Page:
The Hellbound Web is proud to present a review for Boom! Studios new Hellraiser comic series, written by Clive Barker himself, alongside Chris Monfette, with art by Stephen Thompson and Janusz Ordon. This review was written November 2011.
Hiatus. As a word it can be defined as a brief pause, a gap, a moment between two points. Often seen with a negative connotation but perhaps, in this case, a suitable description for what is ultimately the penultimate instalment of an arc that will eventually span the first eight issues of Boom Studios new ongoing Hellraiser series. That is not to say, nothing happens here. Quite the contrary, we get blood, and torture, old faces and new opportunities. Yet this issue feels like a pause of sorts, between Kirsty's monumental choice, and the final climatic confrontation that is yet to come. What matter is the nature of this pause.
This issue, in many ways, echoes the first issue. Whereas there Pinhead and the Female Cenobite ventured through Hell together, now it is Kirsty who accompanies the sacrificial survivor. As witht hat issue, we see sights in Hell unwitnessed before and get a sense of the world as it continues to operate. One concern I had was that this arc seemed to empty Hell, to suggest the Harrowers had destroyed an entire world single handedly, and so it's pleasing to see Cenobites and demons still walking the corridors of the Labyrinth. Equally, another familiar face to long term fans finally gets his name confirmed, and is seen busy in his role - it's a wonderful evocative image and explores some of the aspects of the franchise that are barely touched upon.
"Requiem Part Three" takes full advantage of its position as the penultimate issue. It offers up a vast amount of fan pleasing imagery and story notes. Thus far, it also avoids giving answers to questions fans have debated for years, such as the fate of Larry, Kirsty's father, which is useful in leaving some ambiguity and mileage for different opinions. It also drops hints of where the story might go next, suggesting there are still riddles and plots to be uncovered even as we approach the endgame.
Unusually, this issue features two artists, Stephen Thompson and Janusz Ordon, but their styles mesh well together and the change of artist is never distracting nor takes you out of the narrative. The art is crisp and detailed, and there's a real sense of atmosphere to the Labyrinth. There are a couple of moments where some creatures perhaps look a little too cartoony but otherwise the likenesses are strong and really capture the changing emotions of the characters.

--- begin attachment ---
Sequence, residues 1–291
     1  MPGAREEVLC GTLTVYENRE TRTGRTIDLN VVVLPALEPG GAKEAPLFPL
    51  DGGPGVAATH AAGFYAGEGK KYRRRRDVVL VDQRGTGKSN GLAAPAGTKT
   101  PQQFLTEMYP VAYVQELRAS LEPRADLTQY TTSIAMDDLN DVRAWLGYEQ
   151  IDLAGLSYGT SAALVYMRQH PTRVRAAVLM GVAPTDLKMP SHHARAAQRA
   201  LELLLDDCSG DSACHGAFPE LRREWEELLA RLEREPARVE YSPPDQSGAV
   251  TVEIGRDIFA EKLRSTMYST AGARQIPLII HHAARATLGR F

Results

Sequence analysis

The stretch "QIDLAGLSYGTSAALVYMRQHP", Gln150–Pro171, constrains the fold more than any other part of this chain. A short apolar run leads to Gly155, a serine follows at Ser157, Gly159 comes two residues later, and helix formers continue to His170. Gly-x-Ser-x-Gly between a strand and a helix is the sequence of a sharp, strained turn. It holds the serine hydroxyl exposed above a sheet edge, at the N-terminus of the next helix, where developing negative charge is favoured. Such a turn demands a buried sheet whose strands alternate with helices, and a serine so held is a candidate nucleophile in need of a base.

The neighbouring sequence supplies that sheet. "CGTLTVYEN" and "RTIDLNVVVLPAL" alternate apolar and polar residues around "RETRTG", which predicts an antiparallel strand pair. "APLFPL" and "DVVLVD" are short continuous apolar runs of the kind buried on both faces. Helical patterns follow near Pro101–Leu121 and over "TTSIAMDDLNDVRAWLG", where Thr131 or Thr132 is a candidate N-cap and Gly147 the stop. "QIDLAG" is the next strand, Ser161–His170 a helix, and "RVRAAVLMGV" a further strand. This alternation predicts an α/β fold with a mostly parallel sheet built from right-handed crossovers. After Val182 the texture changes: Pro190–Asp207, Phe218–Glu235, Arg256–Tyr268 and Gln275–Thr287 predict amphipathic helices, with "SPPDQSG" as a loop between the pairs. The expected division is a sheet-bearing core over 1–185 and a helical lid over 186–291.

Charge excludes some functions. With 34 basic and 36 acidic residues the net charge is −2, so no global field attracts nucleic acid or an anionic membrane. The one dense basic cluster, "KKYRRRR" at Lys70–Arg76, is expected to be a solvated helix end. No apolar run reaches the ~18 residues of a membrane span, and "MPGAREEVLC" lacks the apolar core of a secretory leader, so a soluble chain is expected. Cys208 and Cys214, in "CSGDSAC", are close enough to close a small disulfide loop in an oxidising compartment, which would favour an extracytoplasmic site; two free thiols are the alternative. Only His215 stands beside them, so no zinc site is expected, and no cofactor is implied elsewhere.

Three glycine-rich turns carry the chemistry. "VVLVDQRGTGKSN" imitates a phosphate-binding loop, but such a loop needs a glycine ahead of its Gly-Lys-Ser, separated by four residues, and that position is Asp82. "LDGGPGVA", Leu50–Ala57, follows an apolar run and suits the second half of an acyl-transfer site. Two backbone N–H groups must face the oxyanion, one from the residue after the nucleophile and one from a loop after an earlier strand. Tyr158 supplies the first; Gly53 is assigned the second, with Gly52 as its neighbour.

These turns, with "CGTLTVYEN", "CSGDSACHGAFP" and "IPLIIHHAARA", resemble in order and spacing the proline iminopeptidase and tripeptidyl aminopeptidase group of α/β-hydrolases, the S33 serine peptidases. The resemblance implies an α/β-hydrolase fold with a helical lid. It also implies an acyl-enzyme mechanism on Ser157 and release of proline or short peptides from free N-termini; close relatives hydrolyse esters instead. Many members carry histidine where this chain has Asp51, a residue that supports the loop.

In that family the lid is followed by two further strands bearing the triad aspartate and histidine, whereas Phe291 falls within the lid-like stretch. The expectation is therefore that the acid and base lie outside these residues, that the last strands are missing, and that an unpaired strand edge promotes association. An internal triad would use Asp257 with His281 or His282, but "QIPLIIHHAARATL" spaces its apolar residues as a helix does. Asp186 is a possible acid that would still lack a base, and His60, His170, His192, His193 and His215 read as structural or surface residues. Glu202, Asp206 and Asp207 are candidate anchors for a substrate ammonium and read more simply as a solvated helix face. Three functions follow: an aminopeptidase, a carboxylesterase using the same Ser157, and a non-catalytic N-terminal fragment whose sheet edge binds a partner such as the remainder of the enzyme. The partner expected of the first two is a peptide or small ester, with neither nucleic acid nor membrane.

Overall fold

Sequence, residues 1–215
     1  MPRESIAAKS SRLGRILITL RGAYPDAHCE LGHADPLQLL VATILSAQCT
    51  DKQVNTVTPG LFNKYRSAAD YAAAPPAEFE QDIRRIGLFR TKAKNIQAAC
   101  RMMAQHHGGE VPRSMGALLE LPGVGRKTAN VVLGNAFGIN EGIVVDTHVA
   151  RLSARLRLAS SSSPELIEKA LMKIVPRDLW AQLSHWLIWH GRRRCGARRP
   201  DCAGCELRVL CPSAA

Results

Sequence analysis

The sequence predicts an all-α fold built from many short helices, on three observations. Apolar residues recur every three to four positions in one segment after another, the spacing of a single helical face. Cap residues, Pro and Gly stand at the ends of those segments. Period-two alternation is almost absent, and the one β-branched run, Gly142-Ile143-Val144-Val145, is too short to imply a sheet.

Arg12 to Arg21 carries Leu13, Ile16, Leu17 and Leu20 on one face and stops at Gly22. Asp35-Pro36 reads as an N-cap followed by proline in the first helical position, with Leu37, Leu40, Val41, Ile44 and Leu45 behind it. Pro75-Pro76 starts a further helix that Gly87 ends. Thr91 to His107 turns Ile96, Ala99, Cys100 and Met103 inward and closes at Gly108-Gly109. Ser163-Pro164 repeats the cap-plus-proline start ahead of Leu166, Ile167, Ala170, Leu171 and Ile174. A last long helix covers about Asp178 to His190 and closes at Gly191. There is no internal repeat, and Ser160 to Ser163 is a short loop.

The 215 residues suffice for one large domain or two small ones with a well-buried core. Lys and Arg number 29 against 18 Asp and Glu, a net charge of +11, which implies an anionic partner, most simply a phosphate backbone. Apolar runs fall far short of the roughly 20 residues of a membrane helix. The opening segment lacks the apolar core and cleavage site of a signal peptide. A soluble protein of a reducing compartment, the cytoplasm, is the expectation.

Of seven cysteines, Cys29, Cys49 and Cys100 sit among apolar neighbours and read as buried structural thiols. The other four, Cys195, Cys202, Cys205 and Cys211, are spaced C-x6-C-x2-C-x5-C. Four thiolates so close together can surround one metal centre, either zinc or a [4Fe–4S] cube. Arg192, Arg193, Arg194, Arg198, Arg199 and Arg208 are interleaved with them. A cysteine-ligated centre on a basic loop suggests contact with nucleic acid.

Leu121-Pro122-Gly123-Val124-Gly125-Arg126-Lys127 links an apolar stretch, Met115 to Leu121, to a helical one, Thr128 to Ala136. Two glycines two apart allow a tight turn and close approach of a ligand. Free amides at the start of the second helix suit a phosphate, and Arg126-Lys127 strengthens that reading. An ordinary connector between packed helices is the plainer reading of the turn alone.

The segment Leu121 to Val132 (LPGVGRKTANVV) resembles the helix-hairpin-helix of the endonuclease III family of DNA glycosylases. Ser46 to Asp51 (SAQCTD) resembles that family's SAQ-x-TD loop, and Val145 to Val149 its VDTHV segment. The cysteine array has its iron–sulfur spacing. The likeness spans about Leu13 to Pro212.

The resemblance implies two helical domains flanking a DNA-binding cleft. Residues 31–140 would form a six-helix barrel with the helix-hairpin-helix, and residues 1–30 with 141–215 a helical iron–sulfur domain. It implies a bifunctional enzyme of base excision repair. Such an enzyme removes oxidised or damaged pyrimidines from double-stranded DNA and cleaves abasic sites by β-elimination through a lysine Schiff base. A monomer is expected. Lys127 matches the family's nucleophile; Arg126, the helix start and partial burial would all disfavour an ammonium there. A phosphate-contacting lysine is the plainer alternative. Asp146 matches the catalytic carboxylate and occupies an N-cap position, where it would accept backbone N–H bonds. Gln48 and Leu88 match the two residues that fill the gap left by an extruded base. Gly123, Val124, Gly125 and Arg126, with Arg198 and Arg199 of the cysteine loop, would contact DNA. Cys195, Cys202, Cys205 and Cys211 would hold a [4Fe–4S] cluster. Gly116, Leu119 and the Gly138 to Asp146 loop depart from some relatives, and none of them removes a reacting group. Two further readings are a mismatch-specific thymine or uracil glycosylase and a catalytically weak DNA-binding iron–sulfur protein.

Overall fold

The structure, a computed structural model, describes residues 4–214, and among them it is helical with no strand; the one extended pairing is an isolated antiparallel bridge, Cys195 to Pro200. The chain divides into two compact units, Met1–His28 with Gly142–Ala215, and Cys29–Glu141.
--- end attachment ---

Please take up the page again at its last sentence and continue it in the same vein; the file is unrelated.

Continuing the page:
Long term fans may either be delighted or dismayed at an aspect of the depiction of Leviathan, who becomes more central to the story, and who was described as "the God of flesh, hunger and desire" in Hellbound and then depicted along these lines in the EPIC comics. However, the truth of matters remains to be seen, and there's certainly some interesting potential for where things can go next. Pinhead approaches the end of his journey to seek redemption, and we can only wonder not only how pure his intentions are but what other secrets have yet to be revealed.
This issue may be a pause, a moment between the emotional choices and revelations of its predecessor and the grand finale we will no doubt witness in a months time, but this is not a bad thing, not by a long shot. This is a moment of transition, a slow journey towards the inevitable, and that it does this with an ominous, increasingly foreboding tone, and with fan service and action, is only a testament to the skilful crafting of this tale. Without a doubt this issue deserves a full Five Hooks and I can only hope that the climax to this extraordinary arc is as perfectly pitched as the journey leading up to it.
The Hellbound Web would like to thank Boom! Studios for the oppurtunity to be a part of this exciting time for Hellraiser fans everywhere. Also make sure to check out our review for the free Prelude Issue "At the Tolling of a Bell" which is FREE to DOWNLOAD from this very site! Clive Barker's Hellraiser #7 is available from November 9th 2011.
Boom! Studios Official Website